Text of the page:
The biggest talking point among people who have seen ‘Rogue One: A Star Wars Story’ is undoubtedly the return of Grand Moff Tarkin and how it was achieved.
Peter Cushing played the character in 1977’s ‘A New Hope’ but sadly died in 1994 at the age of 81. In ‘Rogue One’ – set shortly before George Lucas’s film – the character returns with Cushing’s likeness, a feat achieved with CGI.
While some viewers didn’t notice the use of CGI (I’ve met a few myself), for those conscious of Cushing’s death it proved off-putting – a perfect example of the “uncanny valley” sensation.
There is also the ethical dilemma of posthumously bringing an actor back to life. This, despite Cushing’s estate giving LucasFilm the go-ahead. John Knoll – chief creative officer at Industrial Light & Magic and the film’s visual effects supervisor revealed this an interview with The New York Times, and discussed the process in more detail.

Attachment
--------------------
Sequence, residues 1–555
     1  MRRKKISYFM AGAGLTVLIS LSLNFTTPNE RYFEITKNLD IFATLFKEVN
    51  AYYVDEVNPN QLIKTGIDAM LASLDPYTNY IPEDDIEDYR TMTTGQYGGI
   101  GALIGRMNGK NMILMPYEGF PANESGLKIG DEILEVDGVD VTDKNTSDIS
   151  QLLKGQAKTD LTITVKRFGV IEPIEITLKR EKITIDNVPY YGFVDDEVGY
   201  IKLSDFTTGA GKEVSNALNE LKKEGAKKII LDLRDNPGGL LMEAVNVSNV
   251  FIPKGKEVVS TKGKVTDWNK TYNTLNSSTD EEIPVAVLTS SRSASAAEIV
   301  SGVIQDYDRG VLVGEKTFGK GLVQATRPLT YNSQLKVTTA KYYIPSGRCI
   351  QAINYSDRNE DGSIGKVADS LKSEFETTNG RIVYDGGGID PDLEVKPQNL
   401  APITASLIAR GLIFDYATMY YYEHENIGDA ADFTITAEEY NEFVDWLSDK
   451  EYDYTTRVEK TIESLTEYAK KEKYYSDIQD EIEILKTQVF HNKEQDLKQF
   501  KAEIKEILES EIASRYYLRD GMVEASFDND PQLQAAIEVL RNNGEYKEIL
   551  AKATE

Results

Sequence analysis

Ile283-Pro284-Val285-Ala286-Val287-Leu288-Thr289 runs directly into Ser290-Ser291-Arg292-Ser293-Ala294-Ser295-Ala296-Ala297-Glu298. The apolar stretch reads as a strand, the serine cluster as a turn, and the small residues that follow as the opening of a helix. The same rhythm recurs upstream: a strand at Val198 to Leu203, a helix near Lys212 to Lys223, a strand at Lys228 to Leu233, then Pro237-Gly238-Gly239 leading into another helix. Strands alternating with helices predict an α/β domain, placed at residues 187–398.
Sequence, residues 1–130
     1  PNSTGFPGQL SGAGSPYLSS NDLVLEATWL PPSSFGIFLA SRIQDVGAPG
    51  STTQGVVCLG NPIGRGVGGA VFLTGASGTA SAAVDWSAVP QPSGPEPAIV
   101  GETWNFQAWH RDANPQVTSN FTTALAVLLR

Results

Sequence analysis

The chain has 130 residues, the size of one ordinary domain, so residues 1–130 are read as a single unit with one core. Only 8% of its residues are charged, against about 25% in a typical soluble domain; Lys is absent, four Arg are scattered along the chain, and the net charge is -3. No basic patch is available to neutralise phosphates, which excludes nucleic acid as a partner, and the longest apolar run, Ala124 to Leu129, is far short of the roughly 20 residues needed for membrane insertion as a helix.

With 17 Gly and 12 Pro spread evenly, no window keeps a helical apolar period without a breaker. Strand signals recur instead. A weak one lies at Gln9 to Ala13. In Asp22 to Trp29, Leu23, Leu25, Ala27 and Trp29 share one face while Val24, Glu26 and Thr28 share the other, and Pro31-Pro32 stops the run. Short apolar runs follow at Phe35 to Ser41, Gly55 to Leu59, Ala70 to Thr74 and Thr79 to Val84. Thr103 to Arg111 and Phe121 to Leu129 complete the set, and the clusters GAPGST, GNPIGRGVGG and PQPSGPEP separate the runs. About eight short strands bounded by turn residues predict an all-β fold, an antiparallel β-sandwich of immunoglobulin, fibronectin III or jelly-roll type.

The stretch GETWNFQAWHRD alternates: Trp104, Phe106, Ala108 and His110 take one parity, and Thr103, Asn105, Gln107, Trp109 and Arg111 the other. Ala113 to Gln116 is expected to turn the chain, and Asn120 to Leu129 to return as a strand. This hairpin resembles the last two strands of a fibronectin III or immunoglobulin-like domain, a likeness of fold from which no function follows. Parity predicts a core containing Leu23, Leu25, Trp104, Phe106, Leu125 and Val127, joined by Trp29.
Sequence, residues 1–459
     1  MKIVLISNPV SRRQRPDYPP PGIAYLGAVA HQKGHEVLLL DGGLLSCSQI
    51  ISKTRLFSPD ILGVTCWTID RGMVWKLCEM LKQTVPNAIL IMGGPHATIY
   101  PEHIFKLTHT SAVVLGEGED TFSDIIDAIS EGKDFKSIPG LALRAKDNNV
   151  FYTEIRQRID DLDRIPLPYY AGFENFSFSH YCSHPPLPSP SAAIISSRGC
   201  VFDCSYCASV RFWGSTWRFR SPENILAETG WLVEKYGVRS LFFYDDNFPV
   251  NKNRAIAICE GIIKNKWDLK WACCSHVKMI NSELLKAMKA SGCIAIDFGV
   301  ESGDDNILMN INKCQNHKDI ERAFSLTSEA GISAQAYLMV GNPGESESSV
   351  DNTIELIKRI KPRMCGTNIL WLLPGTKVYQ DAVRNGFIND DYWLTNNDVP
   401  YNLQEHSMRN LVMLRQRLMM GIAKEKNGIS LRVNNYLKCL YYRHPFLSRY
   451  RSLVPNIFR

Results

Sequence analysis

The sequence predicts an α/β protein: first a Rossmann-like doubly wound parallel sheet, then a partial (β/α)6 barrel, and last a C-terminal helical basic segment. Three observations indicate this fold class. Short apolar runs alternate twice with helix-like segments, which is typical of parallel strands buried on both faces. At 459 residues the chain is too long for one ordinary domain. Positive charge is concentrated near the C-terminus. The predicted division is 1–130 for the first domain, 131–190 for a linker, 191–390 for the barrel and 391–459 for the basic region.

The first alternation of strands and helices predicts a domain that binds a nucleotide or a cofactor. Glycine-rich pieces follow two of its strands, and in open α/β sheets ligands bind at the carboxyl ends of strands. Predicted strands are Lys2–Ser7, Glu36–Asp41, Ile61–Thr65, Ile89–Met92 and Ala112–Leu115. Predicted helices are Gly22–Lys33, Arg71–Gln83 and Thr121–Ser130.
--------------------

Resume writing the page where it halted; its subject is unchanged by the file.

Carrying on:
While filming, the part of Cushing was played by ‘Holby City’s Guy Henry (pictured above left), whose performance was used as the basis for the CGI creation.
“We’re transforming the actor’s appearance to look like another character, but just using digital technology,” said Knoll, who added that the process is basically “a super high-tech and labor-intensive version of doing makeup.”
The process involved looking over Cushing’s performances in ‘A New Hope’ and other films and recreating his tics and traits. For example, Knoll explains: “When Peter Cushing makes an ‘aah’ sound, he doesn’t move his upper lip. He only opens his jaw about halfway, and makes this square shape with his lower lip, that exposes his lower teeth.”
The biggest problem many have with it however, is more ethical than technical. Will this open the flood gates for more studios to, essentially, re-animate deceased actors?
“I don’t imagine that happening, Knoll said. “This was done for very solid and defendable story reasons. This is a character that is very important to telling this kind of story. It is extremely labor-intensive and expensive to do. I don’t imagine anybody engaging in this kind of thing in a casual manner.
“We’re not planning on doing this digital re-creation extensively from now on,” Knoll added. “It just made sense for this particular movie.”
Knoll also discusses another moment of CGI magic at the end of the film, but for the sake of spoilers we’ll suggest reading the rest of NYT’s article here.